4.5. Tri-dimensional motion. Balancing of rotors.

4.6. Practical session of simulation: Dimension of the traction system of a spy robot.


5. MACHINES THEORY (3 hours)

5.1. Design of mechanical mechanisms.

5.2. Transmission of motion.

5.3. Degrees of freedom. The Grübler criterion.



5.4. Course planning and calendar










Topic 1



Exercise No. 1 Continuous Assessment






Topic 2


Exercise No. 2 Continuous Assessment


1st Practice with software GIM (Topic 1 and 2)


1st Written Test ( Topic 1 and 2)






Topic 3


Exercise No. 3 Continuous Assessment


2nd Practice with software GIM (Topic 3)


2nd Written Test (Topic 3)













Topic 4


Exercise No. 4 Continuous Assessment



3rd Written Test (Topic 4)







Topic 5


Exercise No. 5 Continuous Assessment


4th Written Test ( Topic 5)



Defence profile


See section 5.3

5.5. Bibliography and recommended resources







BB          Boresi, Arthur P.. Ingeniería mecánica : estática / Arthur P. Boresi, Richard J. Schmidt ; [traducción, Hernán Pérez Castellanos] México : Thompson Learning, cop. 2001

BB          Boresi, Arthur Peter. Ingeniería mecánica : dinámica / Arthur P. Boresi, Richard J. Schmidt ; [traducción y revisión técnica, José de la Cera Alonso] México : Thomson Learning, cop. 2001

BB          Moliner, P.R.. Engranajes / P.R. Moliner . - [1a. ed., 4a. reimp.] Barcelona : [el autor], 1990|e(Barcelona :|fc.p.d.a., ETSIIB)

BB          Santamarina Pol, Pastor.Vibraciones mecánicas en ingeniería / Pastor Santamarina Pol, Mª Cristina Santamarina Siurana. - 1ª edición Valencia : Universidad Politécnica de Valencia, 1998

BB          Shigley, Joseph Edward. Teoría de máquinas y mecanismos / Joseph Edward Shigley, John Joseph Uicker, jr. México [etc.] : McGraw-Hill, cop. 1988 (imp. 1996)

BC          Khamashta Shahin, Munir. Problemas de cinemática y dinámica de máquinas. Vol.1, Problemas resueltos de cinemática de mecanismos planos / Munir Khamashta, Lorenzo Alvarez, Ramón Capdevila Barcelona : Edicions de la Universitat Politècnica de Catalunya, 1986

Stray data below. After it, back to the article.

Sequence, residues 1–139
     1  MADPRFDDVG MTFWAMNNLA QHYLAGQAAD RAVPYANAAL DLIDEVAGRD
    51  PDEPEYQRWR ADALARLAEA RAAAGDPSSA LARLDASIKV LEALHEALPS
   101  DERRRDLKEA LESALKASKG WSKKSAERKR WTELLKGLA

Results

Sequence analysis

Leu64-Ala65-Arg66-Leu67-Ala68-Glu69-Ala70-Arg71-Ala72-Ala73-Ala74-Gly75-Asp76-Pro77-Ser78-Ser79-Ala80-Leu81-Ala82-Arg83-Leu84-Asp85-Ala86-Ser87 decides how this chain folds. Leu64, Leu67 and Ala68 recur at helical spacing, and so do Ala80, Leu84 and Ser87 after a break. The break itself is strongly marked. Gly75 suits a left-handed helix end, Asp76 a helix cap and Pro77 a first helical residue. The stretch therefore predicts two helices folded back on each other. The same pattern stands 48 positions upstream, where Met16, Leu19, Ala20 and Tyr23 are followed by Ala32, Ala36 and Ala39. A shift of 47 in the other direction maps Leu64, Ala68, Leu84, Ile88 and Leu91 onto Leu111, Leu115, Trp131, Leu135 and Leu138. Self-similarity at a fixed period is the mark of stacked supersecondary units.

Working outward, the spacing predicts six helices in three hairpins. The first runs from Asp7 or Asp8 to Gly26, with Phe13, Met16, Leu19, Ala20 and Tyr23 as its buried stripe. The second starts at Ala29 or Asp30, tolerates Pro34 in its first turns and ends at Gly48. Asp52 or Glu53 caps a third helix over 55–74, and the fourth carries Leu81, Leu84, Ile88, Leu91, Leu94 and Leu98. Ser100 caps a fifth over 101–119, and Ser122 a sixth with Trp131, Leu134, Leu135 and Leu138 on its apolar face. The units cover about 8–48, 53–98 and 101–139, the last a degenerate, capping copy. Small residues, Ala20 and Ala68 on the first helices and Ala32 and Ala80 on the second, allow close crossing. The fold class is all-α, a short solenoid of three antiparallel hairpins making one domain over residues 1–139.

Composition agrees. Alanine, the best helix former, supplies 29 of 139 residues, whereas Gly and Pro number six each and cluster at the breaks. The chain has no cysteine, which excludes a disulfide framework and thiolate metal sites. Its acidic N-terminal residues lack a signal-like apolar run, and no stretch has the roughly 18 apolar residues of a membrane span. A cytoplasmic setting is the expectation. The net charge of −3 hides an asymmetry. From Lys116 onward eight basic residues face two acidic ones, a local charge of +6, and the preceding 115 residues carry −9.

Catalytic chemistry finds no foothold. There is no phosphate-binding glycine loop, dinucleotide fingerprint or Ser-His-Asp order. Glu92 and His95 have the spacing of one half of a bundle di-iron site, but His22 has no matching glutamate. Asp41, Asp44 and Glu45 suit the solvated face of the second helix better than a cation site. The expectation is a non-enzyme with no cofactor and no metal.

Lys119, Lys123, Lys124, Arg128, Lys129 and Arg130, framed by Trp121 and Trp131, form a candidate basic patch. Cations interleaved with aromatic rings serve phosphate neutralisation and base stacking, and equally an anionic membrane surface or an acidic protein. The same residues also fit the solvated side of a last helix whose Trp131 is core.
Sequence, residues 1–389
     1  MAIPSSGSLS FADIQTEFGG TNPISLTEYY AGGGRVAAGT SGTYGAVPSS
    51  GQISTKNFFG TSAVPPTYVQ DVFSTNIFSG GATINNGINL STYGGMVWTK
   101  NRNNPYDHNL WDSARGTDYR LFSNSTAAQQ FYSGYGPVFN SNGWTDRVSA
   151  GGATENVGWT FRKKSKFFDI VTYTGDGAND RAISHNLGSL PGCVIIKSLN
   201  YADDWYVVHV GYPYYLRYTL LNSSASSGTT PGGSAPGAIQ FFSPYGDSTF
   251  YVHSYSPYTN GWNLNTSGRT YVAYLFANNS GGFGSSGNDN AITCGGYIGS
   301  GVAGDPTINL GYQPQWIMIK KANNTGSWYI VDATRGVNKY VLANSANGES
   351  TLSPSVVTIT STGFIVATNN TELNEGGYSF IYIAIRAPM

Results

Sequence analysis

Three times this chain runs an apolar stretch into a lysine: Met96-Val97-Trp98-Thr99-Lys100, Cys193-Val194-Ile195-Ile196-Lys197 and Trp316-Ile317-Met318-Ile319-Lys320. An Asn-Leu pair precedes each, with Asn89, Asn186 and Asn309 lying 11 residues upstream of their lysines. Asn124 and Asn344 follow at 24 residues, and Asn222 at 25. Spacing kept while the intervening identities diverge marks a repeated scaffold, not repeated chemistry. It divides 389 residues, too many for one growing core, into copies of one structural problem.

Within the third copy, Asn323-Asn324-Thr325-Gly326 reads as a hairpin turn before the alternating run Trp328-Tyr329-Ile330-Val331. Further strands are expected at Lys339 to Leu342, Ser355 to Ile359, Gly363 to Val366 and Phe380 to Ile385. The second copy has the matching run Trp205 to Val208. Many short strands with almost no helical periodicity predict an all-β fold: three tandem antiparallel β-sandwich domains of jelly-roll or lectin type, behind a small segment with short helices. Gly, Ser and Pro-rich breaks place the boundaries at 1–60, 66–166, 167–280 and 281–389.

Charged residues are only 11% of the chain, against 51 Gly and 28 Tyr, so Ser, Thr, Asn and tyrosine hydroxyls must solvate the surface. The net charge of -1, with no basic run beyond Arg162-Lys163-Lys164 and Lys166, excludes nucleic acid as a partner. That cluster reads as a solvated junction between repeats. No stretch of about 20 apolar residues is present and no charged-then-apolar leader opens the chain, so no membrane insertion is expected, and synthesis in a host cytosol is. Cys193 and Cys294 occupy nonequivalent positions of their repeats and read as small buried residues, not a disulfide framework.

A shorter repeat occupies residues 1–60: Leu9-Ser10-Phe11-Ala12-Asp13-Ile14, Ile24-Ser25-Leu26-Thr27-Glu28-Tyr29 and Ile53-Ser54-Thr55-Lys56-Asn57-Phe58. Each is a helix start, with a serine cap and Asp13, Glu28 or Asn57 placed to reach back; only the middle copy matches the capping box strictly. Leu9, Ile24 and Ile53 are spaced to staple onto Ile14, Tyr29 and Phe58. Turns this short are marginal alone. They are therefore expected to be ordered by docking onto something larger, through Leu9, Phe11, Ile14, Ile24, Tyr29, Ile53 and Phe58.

BC          Moliner, P. R.. 134 problemas de teoría de máquinas y mecanismos / P. R. Moliner . - 1a. ed 1981., 4a. reimpresión 1992 Barcelona : Editado por el autor, 1981 (imp. 1992)






Topic theory notes

Topic problems


Topic theory notes

Topic presentations

Topic problems

Related links



Educational software  GIM 16

Web page:


Defence profile



- Mecánica vectorial para ingenieros: Estática ed. 10. 2013. Beer, Johnston, Mazurek. Ed. Mc Graw Hill.

- Mecánica vectorial para ingenieros: Dinámica ed. 10. 2013. Beer, Johnston, Mazurek. Ed. Mc Graw Hill.

- Ingeniería mecánica: Estática. 2005. Riley, Sturges. Ed. Reverté.

- Ingeniería mecánica: Dinámica. 2005. Riley, Sturges. Ed. Reverté.

- Curso de mecánica. 2011. Bastero, Casellas, Bastero. Ed. Eunsa.

- Mecánica del punto y del sólido rígido. 2002. Agulló. Ed. OK Punt.

- Mecánica clásica. 1974. Kibble. Ed. Urmo.

- Física Vol I: Mecánica. 1986. Alonso, Finn. Ed. Addison-Wesley.

- Teoría de Máquinas. 2014. Avelló. Ed. Tecnun.




- Moodle online course, There the student will find the subject program, materials, recommended references and different suggestions.

- Information about calendar and schedules can also be consulted at the Centro Universitario de la Defensa web site,